Sandy Almendarez, VP of Content

September 20, 2010

17 Min Read
Flower Power

Natural is definitely the new black, as more consumers turn away from conventional over-the-counter (OTC) and pharmaceutical drugs. Synthetic side effects are often thought of as worse than the disease. Botanicals, with a definition of a medicinal preparation derived from a plant (according to Merriam-Webster), are just about as natural as consumers can get.

And it seems those consumers cant get enough products made from botanicals. From dietary supplements to cosmeceuticals, not to mention functional foods and beverages, botanical ingredients are found in a wide variety of products. They arent sitting on the shelves either. HerbalGram, published by the American Botanical Council (ABC), reported a 14-percent increase in sales of herbal and botanical products in 2010 compared to 2009 in mainstream U.S. food, drug and mass markets (not including Wal-Mart or Sams Club). The report, published in July 2010, also noted numerous market data companies have reported growth in herbal dietary supplements, multi-herb formulas, and functional and conventional foods.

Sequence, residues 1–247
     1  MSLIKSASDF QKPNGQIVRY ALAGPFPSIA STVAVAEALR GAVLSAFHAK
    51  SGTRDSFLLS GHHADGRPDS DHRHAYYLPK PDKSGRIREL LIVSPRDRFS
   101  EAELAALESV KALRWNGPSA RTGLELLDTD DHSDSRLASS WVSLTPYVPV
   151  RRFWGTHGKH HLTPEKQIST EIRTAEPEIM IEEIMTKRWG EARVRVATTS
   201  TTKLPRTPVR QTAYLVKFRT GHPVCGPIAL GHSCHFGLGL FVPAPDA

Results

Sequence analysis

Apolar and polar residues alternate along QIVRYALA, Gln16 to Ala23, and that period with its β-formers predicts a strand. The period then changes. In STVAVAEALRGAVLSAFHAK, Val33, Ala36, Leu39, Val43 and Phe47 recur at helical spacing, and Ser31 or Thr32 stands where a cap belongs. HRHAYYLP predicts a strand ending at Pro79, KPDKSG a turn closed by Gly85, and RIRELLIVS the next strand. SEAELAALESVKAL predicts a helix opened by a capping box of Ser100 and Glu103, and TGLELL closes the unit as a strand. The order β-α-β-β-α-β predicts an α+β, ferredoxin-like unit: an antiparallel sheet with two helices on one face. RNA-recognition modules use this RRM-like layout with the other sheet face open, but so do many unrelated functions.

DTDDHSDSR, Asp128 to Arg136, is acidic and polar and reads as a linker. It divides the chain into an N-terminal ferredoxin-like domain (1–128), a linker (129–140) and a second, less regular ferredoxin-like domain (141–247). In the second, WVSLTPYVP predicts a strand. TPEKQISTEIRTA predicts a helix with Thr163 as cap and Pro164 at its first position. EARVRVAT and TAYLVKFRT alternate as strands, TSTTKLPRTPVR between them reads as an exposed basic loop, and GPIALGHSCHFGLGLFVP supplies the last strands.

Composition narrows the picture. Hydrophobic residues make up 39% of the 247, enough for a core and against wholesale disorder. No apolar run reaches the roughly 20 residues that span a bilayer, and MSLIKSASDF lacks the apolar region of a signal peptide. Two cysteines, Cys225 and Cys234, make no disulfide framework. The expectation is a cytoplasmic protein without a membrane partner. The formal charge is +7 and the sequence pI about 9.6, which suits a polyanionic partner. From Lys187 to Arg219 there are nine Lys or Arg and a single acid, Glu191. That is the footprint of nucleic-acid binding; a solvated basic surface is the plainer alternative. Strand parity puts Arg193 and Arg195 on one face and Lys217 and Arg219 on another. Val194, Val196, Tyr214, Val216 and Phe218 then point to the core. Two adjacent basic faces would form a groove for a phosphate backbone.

With increasing sales, the market is rich with opportunities for growth. As the world of botanicals is largely untapped in the food and beverage industries, product manufacturers have a new wealth of options for ingredients to add to their products attributes, and those brands that move first will enjoy this advantage, said Angela Dorsey-Kockler, R.D., product manager, BI Nutraceuticals. There is a large consumer trend toward more natural ingredients, or reaping health benefits in natural ways. Botanicals, which include everything from leaves to roots to flowers to berries, offer an extremely natural twist to products.

Botanicals, with their myriad benefits, were just waiting for the rest of us catch on, according to Rudi E. Moerck, president and CEO, Valensa. Two decades ago, natural botanicals were already addressing some of the hottest trends of personal consumption that are just emerging now, including the natural and green movements, the issue of global sustainability, the vegetarian/vegan and organic movements, as well as increased awareness of side effects coming from the products of the pharmaceutical industry. Today, botanicals are moving beyond specialty health-food stores and into the mainstream as both nutritional supplements and nutrients in functional foods.